# Calculate Inertial tensor of 5000 points

• Yuriick
In summary, the conversation discusses how to calculate the inertia tensor for a sample of 5000 points from an ellipsoidal blob in 3D with some orientation. The formula for the center of mass is given, but it is uncertain how to find the inertia tensor without knowing the mass of each particle. A suggestion is made to scale out the unknown mass and compute I/m, given that the r_i values and center of mass can be determined from the initial data set.
Yuriick

## Homework Statement

I was given a sample of 5000 points from an ellipsoidal blob (in 3D) that has some orientation. Assuming that each point has equal mass, I was asked to calculate the inertia tensor of this blob, then ﬁnd the principal axes to determine the orientation of this blob.

## Homework Equations

R = $\frac{1}{M}$$\sum m_{i}r_{i}$
where M is the sum of the masses of every point
R is the center of mass

I = - $\sum m_{i} [r_{i} - R][r_{i} - R]$

## The Attempt at a Solution

Since all the mass for every particle is the same, the formula for center of mass becomes,

R = $\frac{1}{5000}$$\sum r_{i}$

however I'm not sure how to find the inertial tensor since I don't know the mass of each particle.

Any help would be much appreciated, thanks!

Perhaps you do not know the mass of each particle (in your line with the CM, you seem to assume that every mass is of mass "m", therefore, M = 5000*m). Why not scale out this unknown m, adn compute I/m? I bet you know all the r_i from your initial data set, and it seems like you can compute R. Is there a more complicated thing stopping you, even in light of this simple suggestion?

## 1. What is an inertial tensor?

An inertial tensor, also known as a moment of inertia tensor, is a mathematical representation of an object's resistance to changes in rotational motion. It describes how the mass of an object is distributed around its center of mass.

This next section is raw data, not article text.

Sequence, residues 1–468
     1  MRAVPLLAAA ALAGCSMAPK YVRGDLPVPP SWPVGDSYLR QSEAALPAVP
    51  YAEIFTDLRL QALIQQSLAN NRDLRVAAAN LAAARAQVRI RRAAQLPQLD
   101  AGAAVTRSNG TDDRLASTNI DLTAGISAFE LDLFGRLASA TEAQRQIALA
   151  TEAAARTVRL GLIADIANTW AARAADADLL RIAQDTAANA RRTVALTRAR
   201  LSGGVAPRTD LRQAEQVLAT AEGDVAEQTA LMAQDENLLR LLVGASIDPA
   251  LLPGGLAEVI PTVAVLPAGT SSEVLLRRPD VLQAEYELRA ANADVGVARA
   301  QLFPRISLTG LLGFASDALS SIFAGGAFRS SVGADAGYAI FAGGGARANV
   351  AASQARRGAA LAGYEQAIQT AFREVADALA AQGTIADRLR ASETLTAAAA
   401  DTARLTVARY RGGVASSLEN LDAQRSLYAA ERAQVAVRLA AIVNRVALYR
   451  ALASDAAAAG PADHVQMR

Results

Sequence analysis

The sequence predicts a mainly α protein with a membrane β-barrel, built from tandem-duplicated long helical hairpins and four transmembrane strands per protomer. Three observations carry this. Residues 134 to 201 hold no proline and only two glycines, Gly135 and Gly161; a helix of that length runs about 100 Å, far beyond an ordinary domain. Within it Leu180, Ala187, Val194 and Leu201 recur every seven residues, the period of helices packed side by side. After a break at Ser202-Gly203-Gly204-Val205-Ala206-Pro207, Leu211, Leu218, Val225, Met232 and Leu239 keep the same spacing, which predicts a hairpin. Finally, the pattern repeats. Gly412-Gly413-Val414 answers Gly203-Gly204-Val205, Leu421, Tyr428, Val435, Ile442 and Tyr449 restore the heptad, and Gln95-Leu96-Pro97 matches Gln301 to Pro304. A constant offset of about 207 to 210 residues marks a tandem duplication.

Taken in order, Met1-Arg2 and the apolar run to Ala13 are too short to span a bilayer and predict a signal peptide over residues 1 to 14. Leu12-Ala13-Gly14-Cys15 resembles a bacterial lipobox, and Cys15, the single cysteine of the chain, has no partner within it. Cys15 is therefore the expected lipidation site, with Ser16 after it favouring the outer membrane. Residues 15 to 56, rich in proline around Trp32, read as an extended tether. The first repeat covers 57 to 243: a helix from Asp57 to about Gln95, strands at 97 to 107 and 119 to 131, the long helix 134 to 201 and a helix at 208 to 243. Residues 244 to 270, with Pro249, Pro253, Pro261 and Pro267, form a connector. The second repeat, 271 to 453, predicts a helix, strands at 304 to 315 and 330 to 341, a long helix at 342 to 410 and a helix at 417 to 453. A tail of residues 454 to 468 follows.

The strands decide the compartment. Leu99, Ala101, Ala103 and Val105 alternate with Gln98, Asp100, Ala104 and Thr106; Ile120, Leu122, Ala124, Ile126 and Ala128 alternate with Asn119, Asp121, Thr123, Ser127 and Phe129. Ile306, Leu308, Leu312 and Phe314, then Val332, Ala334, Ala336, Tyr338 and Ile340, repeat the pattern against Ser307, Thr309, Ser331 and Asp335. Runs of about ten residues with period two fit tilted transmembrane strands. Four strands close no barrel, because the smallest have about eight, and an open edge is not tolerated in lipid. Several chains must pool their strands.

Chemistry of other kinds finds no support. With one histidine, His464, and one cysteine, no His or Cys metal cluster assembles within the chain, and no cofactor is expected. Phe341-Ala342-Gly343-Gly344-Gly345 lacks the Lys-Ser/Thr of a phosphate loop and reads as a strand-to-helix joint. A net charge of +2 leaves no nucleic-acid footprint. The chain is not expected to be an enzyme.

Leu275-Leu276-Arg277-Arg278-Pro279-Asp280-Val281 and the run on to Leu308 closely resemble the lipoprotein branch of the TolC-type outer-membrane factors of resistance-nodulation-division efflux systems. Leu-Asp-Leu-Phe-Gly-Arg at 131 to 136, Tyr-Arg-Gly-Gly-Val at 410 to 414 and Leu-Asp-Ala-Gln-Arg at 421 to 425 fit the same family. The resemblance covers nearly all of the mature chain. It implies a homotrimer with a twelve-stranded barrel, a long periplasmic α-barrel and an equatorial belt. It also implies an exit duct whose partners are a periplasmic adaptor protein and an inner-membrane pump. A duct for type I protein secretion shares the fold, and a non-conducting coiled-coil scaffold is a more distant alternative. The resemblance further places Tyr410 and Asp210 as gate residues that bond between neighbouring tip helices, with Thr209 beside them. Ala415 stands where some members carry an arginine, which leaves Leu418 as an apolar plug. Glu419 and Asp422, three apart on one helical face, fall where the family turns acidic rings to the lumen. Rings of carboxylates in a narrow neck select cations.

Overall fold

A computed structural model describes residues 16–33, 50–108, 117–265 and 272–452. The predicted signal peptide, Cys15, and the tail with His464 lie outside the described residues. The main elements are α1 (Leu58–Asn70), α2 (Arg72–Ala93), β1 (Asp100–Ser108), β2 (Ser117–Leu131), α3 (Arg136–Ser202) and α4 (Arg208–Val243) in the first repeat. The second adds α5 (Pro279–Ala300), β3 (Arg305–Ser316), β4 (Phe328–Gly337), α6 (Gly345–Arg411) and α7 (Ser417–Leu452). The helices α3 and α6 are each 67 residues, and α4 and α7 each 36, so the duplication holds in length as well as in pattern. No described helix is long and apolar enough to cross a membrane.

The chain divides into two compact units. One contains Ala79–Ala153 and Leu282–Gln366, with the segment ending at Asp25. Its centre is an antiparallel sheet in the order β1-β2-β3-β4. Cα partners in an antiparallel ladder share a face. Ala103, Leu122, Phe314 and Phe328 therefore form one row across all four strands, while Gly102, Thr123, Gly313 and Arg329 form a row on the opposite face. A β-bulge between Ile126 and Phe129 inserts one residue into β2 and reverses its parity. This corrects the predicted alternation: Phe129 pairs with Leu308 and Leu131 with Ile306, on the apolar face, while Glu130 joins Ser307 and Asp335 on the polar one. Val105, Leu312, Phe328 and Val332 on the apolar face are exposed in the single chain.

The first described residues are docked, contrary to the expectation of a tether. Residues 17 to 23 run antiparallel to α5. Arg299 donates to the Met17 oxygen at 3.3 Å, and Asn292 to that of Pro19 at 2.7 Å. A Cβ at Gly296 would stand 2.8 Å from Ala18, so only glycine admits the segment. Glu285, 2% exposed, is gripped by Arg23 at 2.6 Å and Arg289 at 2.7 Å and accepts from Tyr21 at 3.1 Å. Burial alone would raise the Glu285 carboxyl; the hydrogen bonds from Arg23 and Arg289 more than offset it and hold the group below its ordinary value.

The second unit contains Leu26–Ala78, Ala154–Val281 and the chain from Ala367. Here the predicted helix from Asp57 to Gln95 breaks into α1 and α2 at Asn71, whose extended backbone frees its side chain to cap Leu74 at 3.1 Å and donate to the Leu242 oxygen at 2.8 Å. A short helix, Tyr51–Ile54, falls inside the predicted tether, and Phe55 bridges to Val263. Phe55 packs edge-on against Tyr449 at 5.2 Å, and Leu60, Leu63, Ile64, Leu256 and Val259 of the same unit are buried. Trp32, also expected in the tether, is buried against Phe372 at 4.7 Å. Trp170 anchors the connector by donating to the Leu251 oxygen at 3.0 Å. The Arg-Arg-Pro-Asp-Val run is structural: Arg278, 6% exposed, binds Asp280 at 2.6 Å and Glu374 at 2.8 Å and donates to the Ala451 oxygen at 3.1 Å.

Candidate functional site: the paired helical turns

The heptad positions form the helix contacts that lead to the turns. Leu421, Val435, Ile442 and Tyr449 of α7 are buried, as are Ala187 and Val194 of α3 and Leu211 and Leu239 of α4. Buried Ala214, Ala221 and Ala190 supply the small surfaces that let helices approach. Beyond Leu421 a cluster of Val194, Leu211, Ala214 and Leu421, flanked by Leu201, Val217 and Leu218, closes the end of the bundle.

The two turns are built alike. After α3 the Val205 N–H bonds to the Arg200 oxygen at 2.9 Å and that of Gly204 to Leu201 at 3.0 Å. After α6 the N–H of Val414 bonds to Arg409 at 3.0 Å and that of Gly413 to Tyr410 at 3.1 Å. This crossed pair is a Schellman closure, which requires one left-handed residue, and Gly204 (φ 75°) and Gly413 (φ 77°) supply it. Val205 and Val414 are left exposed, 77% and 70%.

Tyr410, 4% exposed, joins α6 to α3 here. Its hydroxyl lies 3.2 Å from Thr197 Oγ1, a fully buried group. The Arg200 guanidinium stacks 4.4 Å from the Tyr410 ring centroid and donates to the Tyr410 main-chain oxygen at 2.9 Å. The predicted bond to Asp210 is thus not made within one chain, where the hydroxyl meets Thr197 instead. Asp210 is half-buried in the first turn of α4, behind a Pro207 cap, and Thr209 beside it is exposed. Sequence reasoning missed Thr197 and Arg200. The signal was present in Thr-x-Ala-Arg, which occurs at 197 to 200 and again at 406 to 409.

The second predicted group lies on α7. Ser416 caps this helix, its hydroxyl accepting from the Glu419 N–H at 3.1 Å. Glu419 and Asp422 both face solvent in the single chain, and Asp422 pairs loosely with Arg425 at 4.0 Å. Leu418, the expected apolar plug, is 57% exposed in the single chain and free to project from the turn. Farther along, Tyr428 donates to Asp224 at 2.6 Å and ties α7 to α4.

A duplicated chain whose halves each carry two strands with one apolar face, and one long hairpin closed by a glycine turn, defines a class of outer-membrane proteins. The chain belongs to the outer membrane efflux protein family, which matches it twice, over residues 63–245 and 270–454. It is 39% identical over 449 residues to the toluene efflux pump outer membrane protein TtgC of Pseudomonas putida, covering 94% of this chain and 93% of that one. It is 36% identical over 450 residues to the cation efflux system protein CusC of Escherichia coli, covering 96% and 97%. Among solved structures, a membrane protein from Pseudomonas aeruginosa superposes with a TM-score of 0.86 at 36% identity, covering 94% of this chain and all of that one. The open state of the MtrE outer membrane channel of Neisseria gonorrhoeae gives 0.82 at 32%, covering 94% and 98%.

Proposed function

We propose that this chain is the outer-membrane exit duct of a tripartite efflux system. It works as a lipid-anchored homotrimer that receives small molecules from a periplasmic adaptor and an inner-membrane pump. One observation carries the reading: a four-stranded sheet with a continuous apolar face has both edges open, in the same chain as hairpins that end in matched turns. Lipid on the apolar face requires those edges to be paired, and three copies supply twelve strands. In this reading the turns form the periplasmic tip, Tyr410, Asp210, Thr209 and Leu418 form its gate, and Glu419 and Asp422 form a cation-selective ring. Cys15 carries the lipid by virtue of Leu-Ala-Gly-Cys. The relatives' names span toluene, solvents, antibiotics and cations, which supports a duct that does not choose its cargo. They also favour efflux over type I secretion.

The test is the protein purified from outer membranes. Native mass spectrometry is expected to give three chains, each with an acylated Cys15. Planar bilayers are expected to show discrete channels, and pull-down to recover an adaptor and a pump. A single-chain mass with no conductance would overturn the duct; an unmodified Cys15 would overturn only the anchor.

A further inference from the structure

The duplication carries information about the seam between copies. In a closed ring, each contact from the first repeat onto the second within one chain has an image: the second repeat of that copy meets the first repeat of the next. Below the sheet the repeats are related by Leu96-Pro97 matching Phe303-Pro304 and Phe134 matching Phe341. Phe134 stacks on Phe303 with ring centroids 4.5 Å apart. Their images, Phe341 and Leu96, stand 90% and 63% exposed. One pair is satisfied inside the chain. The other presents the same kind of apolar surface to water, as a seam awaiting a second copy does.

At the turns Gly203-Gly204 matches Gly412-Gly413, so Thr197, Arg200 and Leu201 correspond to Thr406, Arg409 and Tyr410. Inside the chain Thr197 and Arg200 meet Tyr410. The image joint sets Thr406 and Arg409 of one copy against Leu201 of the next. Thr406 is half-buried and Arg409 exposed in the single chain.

## 2. How do you calculate the inertial tensor of a set of points?

The inertial tensor can be calculated by summing the individual moment of inertia tensors of each point in the set. This involves multiplying the mass of each point by its distance from the center of mass squared and summing these values along the three axes of rotation.

## 3. Why is the inertial tensor important in physics and engineering?

The inertial tensor is important because it helps determine an object's rotational stability and the amount of energy required to rotate it. It is used to analyze the dynamics of rotating systems, such as in the design of spacecraft or understanding the motion of celestial bodies.

## 4. Can the inertial tensor change for a given object?

Yes, the inertial tensor can change if the distribution of mass within an object changes. For example, if a mass is added or removed from an object, the inertial tensor will also change. Additionally, the orientation of an object can affect its inertial tensor.

## 5. Are there any simplifications or assumptions made when calculating the inertial tensor of a set of points?

Yes, there are some simplifications and assumptions that are often made when calculating the inertial tensor. For example, the points are usually assumed to have a constant mass density and to be evenly distributed around the center of mass. In reality, this may not always be the case, but these simplifications allow for a more straightforward calculation of the inertial tensor.

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